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  • 1
    Publication Date: 2018-03-06
    Description: Background: Nut intake has been associated with decreased cancer-related mortality, but few studies have examined the potential of nuts in the chemoprevention of pancreatic cancer. We prospectively investigated the association of total nut, tree nut, peanut, and peanut butter consumption with pancreatic cancer risk. Methods: In the Netherlands Cohort Study, 120,852 men and women completed a baseline questionnaire, including a food frequency questionnaire, in 1986. After 20.3 years of follow-up, 583 incident pancreatic cancer cases, including 349 microscopically confirmed pancreatic cancer (MCPC) cases, were included in multivariable case–cohort analyses. Results: Increased total nut consumption was associated with a nonsignificantly decreased MCPC risk in men [HR (95% confidence interval) for 10+ g/d vs. nonconsumers = 0.72 (0.47–1.11), P trend = 0.163]. No clear association was found in women. For tree nut and peanut consumption, nonsignificant inverse associations were observed in men. In women, no or unclear associations were found for tree nut and peanut consumption. Peanut butter intake was related to a significantly reduced risk of MCPC in men [HR (95% confidence interval) for 5+ g/d vs. nonconsumers = 0.53 (0.28–1.00), P trend = 0.047], but this relation was not clear in women. Evidence for a nonlinear dose–response relation with MCPC was found for tree nut intake only. The associations were weaker when looking at total pancreatic cancer. Conclusions: Our results suggest that nuts and peanut butter might reduce pancreatic cancer risk in men. In women, no or unclear associations were found. Impact: Nut consumption might reduce the risk of pancreatic cancer in men. Cancer Epidemiol Biomarkers Prev; 27(3); 274–84. ©2018 AACR .
    Print ISSN: 1055-9965
    Electronic ISSN: 1538-7755
    Topics: Medicine
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  • 2
    Publication Date: 2018-03-09
    Description: The alcohol–colorectal cancer (CRC) association may differ by sex and ADH1B and ADH1C genotypes. ADH enzymes oxidize ethanol to acetaldehyde, both of which are human carcinogens. The Netherlands Cohort Study includes 120 852 participants, aged 55–69 years at baseline (1986), and has 20.3 years follow-up (case-cohort: n subcohort = 4774; n cases = 4597). The baseline questionnaire included questions on alcohol intake at baseline and 5 years before. Using toenail DNA, available for ~75% of the cohort, we successfully genotyped six ADH1B and six ADH1C SNPs ( n subcohort = 3897; n cases = 3558). Sex- and subsite-specific Cox hazard ratios and 95% confidence intervals for CRC were estimated comparing alcohol categories, genotypes within drinkers and alcohol categories within genotype strata. We used a dominant genetic model and adjusted for multiple testing. Alcohol intake increased CRC risk in both sexes, though in women only in the (proximal) colon when in excess of 30 g/day. In male drinkers, ADH1B rs4147536 increased (distal) colon cancer risk. In female drinkers, ADH1C rs283415 increased proximal colon cancer risk. ADH1B rs3811802 and ADH1C rs4147542 decreased CRC risk in heavy (〉30 g/day) and stable drinkers (compared to 5 years before baseline), respectively. Rs3811802 and rs4147542 significantly modified the alcohol-colon cancer association in women ( P for interaction = 0.004 and 0.02, respectively). A difference in associations between genotype strata was generally clearer in men than women. In conclusion, men showed increased CRC risks across subsites and alcohol intake levels, while only colon cancer risk was increased in women at heavy intake levels. ADH1B rs3811802 and ADH1C rs4147542 significantly modified the alcohol–colon cancer association in women.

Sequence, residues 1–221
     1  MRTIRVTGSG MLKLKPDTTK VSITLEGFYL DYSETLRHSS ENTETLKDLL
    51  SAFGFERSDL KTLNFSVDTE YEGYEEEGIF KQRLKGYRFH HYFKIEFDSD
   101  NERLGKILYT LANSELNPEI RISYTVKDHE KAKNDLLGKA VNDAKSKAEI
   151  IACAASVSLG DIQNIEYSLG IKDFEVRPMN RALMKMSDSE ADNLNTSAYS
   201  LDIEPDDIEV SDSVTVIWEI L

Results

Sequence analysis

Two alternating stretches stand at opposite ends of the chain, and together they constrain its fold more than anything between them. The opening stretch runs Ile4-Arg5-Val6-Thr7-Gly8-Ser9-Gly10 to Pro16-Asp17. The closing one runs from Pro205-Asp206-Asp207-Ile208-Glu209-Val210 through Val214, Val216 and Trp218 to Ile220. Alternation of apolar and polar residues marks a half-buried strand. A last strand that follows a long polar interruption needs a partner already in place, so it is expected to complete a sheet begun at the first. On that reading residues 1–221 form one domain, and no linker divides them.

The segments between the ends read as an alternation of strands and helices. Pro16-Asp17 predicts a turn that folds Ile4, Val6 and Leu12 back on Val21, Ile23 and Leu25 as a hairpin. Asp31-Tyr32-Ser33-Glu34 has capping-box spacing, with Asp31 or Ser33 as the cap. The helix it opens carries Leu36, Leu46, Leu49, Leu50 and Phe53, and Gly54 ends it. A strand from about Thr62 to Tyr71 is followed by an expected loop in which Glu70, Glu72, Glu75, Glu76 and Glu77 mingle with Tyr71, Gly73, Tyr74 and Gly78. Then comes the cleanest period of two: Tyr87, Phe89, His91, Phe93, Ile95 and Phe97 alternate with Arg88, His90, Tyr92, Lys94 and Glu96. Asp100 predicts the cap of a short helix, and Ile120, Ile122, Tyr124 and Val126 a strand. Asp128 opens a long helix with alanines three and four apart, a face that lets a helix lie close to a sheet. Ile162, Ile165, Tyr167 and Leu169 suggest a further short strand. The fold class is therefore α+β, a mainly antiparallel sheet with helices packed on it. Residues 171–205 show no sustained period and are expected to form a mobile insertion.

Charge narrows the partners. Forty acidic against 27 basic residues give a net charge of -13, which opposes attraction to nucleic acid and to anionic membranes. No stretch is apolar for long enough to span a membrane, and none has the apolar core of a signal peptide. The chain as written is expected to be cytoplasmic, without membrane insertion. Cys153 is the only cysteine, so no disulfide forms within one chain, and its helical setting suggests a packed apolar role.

Print ISSN: 0143-3334
    Electronic ISSN: 1460-2180
    Topics: Medicine
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